Tuesday, August 9, 2011

The Believing Brain by Michael Shermer


Do you ever wonder why people believe such strange things? So does Shermer. Because I am a Christian, he would include me as one of those people who believes strange things.
Shermer is a materialist. According to him, there are no such things as a “mind” (41) or God. (45) “Mind,” he says, “is just a word we use to describe neural activity in the brain.” (111) (Interestingly enough, I am now reading a book titled You are Not Your Brain so I guess not everyone agrees with him!)
Shermer addresses why in the world anyone would believe in a God. He suggests only two reasons: intellectual and emotional. He notes that often an emotional trigger (say, in childhood) sends one down a different intellectual path.
Is there any meaning in life with no God? Shermer says, “the meaning of life is here. It is now. It is within us and without us...” (35)
He clarifies the myth that there is a negative correlation between intelligence and belief. Smart people belief weird things because they are better at defending those beliefs. (36)
Our brains are wired to find meaningful patterns (associated learning). “...[F]inding new and useful patterns is good, finding new patterns everywhere and being unable to discriminate between them is bad. … In a way, there's a fine line between the creative genius of finding novel patterns that change the world and the madness or paranoia of seeing patterns everywhere and being unable to pick out the important ones.” (124)
He notes that oxygen deprivation and exhaustion often produce the same characteristics as near death experiences. (152)
Why do people believe in weird things such as conspiracies? Their “pattern-detection filters are wide open... Conspiracy theorists connect the dots of random events into meaningful patterns...” (209)

This book is a result of Shermer's thirty years of research, devoting his career “to understanding how beliefs are born, formed, nourished, reinforced, challenged, changed, and extinguished.” (5) “Beliefs come first,” he says, “explanations for beliefs follow.” (5)
He recounts personal belief narratives (including his own), then how belief systems are formed, nourished etc., then the cognitive processes involved, then how belief systems operate in various realms (religion, politics, etc.), and finally how to determine if belief patterns are true or not.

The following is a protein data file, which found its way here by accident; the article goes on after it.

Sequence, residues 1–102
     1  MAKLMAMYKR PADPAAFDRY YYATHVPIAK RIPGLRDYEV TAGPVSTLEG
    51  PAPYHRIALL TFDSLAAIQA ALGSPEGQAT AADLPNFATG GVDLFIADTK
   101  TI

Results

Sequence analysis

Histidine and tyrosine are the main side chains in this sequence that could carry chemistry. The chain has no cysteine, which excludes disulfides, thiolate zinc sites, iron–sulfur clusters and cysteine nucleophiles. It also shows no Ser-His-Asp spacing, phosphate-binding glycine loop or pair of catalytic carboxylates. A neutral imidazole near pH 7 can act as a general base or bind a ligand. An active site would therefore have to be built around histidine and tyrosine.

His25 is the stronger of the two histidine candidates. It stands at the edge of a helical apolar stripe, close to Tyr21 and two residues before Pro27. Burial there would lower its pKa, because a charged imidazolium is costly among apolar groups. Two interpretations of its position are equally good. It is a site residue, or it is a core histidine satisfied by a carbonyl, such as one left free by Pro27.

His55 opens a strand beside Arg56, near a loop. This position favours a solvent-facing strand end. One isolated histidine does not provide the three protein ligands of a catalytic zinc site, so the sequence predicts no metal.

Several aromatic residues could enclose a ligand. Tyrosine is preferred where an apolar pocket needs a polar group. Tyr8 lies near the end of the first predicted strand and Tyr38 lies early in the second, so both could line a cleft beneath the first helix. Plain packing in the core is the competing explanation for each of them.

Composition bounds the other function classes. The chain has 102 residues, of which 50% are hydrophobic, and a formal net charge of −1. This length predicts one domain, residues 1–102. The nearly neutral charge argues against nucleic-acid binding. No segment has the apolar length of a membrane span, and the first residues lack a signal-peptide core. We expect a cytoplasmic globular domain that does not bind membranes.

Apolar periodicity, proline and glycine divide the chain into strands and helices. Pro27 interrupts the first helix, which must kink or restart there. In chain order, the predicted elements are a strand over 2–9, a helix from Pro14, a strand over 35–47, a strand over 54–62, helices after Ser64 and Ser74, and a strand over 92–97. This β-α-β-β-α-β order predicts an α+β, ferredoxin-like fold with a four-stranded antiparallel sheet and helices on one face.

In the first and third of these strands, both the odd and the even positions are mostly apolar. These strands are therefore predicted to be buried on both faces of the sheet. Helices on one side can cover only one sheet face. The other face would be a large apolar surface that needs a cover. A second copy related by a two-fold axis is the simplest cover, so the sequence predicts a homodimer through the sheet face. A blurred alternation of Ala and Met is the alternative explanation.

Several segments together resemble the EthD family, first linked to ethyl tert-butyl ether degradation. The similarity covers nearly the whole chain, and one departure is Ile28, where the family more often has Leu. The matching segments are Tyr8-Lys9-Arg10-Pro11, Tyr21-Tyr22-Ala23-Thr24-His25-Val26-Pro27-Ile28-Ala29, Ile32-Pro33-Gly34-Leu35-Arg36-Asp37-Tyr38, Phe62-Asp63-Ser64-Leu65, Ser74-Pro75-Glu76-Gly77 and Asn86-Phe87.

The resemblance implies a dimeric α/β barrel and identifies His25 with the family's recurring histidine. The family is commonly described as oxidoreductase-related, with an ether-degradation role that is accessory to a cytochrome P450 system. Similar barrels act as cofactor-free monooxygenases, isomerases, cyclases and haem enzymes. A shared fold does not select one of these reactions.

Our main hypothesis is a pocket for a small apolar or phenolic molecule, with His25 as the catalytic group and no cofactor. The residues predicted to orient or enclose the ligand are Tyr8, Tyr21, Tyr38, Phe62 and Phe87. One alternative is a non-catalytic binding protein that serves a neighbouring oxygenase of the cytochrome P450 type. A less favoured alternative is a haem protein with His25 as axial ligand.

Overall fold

Shermer notes near the end of the book that science begins with what he calls the null hypothesis. One assumes the hypothesis under investigation is not true. Then the burden of proof is to provide the convincing experimental data to reject the null hypothesis. (334) Ideally, there needs to be controlled experiments with 95 to 99 percent confidence. (334-5)
Unfortunately, Shermer does not always employ the scientific process himself. He says early on in his book, “The universe really did begin with a big bang, the earth really is billions of years old, and evolution really did happen.” (7)

He has forgotten in his materialistic exuberance that the scientific method cannot “prove” a past event. The method requires posing a hypothesis then performing controlled experiments to prove the hypothesis. This cannot be done for a past event. The big bang and evolution can never be “proven.” If Shermer had said those models best fit the evidence we have today, or something similar, that would have been intellectually honest.

He takes a chapter at the end of the book to look at cosmological models (why there is a universe), the latest of which is in The Grand Design by Hawking and Mlodinow: M Theory. They write “that when more than one model makes accurate predictions, 'we are free to use whichever model is most convenient.' Employing this method, the authors explain, 'it is pointless to ask whether a model is real, only whether it agrees with observation.'” (331) Shermer notes, “At present there is no positive evidence for the multiuniverse hypothesis, but neither is there positive evidence for the traditional answer to the question: God.” (333)
“If there is one lesson that the history of science has taught us, it is that it is arrogant to think that we now know enough to know that we cannot know. So, for the time being it comes down to cognitive and emotional preference... God, multiuniverse, or unknown. Which one you choose depends on your own belief journey and how much you want to believe.” (333) That sounds a bit different than his categorical statements on page 7!

He also admits, while “The scientific method is the best tool ever devised to discriminate between true and false patterns...we must always remember that we could be wrong.” (336) “We must keep an open mind, but not so open that our brains fall out. Provisional truths are the best we can do.” (337) That also sounds a bit different than his categorical statements on page 7!
He notes that the scientific method cannot be used for every problem. In such cases “scientists employ the method to deduce the likeliest explanation for a particular phenomenon.” (338) Note that, “the likeliest explanation.” And that is all honest scientists can say. For Shermer to make the dogmatic statement he did is not science, it is belief.

This book was interesting, but, as with all such books, one needs to be a thinking reader. It was enlightening to understand the “meaningful pattern” explanation for learning and belief.
Just as some things can never be “proven” by science, so I can never “prove” God exists. Just as science advances a model because it best fits the evidence, I believe God exists because it best fits my evidence.

Henry Holt and Co., 344 pages.
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